In March, detective inspector Lynsey Watters of Police Scotland said: “Despite the passage of time, I am determined to find whoever is responsible for Darren’s murder and bring them to justice.

“It’s clear he was a much-loved son and brother and is deeply missed by his family.

“We know that Darren was chased from Edinburgh Road down towards Burnett Road shortly before he was attacked. Someone must have heard something.

“No case is ever closed in Scotland and I am convinced there are people out there who have information vital to this investigation who have failed to come forward.

“This may be down to fear or some misplaced loyalty to those responsible for this horrific crime. But please do the right thing and contact us.

“You can be assured your information will be treated in the utmost confidence.”

Police also set up a website allowing the public to send information directly to detectives.

Last October, a £20,000 reward was offered by Crimestoppers to anyone who can provide information leading to the arrest and conviction of Darren’s killers.

BBC’s Crimewatch programme also broadcast chilling CCTV footage showing three suspects chasing Darren moments before he was fatally wounded.

A reconstruction of the events leading up to his death was also televised.

The aim of the national televised appeal was to break down the wall of silence surrounding Darren’s murder.

It was hoped that the reconstruction might jog a memory, particularly of people who did not think to come forward at the time.

READ MORE: The Glasgow crime story of the murder bid on Steven Bonzo Daniel

Dad Brian issued a moving appeal on the same programme saying: “I’ll do everything in my power to get justice.”

The programme also revealed more details of the events that had led up to Darren’s murder.

He had met friends to watch football and have a few drinks at the house in Burnmouth Road.

At one point there was a dispute between Darren and another man.

Darren left the house and CCTV footage later shows him buying food and drinks at a nearby petrol station.

At this point, he is approached by a second man and a fight breaks out.

Darren then pushes the man to the ground before joining his friends at a bus stop.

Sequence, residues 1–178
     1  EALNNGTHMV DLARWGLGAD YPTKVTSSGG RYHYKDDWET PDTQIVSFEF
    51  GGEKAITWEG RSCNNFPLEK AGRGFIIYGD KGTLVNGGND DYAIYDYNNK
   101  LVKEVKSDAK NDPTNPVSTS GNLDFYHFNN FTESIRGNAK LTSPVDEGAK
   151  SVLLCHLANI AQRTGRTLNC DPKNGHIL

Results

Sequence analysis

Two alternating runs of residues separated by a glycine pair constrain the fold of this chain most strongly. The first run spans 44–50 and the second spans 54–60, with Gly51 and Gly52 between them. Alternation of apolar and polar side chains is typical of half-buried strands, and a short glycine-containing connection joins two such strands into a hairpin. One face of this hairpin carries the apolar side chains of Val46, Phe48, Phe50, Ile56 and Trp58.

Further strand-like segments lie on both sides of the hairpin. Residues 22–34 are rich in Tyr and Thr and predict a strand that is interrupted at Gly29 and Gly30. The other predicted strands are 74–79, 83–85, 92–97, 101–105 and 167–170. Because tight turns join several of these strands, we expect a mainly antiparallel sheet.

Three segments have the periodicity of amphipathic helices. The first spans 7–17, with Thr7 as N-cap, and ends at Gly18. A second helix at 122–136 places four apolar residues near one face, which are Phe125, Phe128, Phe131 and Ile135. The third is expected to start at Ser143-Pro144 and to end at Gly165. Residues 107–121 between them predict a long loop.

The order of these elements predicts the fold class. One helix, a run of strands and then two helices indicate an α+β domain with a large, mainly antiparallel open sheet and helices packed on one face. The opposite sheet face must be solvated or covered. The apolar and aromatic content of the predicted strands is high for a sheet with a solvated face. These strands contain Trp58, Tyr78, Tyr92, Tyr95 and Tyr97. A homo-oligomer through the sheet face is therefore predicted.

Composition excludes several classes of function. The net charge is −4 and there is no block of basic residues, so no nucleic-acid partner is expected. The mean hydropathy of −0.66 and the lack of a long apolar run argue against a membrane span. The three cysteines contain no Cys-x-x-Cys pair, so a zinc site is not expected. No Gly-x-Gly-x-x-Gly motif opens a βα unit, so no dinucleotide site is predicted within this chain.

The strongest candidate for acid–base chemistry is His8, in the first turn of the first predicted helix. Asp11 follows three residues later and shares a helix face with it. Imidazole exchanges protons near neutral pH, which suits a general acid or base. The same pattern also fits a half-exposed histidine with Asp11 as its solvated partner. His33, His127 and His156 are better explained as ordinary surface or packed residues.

It is then that he is confronted by a group of three men. The first pulls out what is believed to be a knife before a second smashes a bottle over Darren’s head.

Darren runs for his life but is then pursued on to Burnett Road then Calvay Place.

Witnesses say Darren banged on the door of a house for help before the attackers then fatally wounded him.

At the time of the Crimewatch appeal, people living close to the crime scene in Calvay Place and Burnett Road received letters from police appealing for information and were urged to watch the BBC reconstruction.

They were told that if they didn’t want to speak with the murder investigation team, they could contact Crimestoppers anonymously.

Calvay Housing Association, which has residents living in the area, also shared the letter on social media.

A spokesperson said at the time: “We would encourage people to come forward if they have any information and support the police with their inquiry.”

Despite the wall of silence, there was a lot of support last year for the new police investigation.

One local posting on social media said: “If anyone out there knows anything, do the right thing.

“It’s not going to bring Darren back but it just might bring his killer (or killers) to justice.”

The Birt family still haven’t given up hope that someone will be brought to justice for their son’s murder.

They also have the support of West Scotland MSP and shadow communities spokesperson Russell Findlay in their campaign for justice.

In a recent social media post Brian, now 67, said: “I’m asking the community if you have anything to say now is the time.

“End my family’s heartache.”

Police Scotland says it is still committed to getting justice for Darren.

A spokesperson added: “If anyone out there has information that could assist us, I would urge them to pick up the phone.”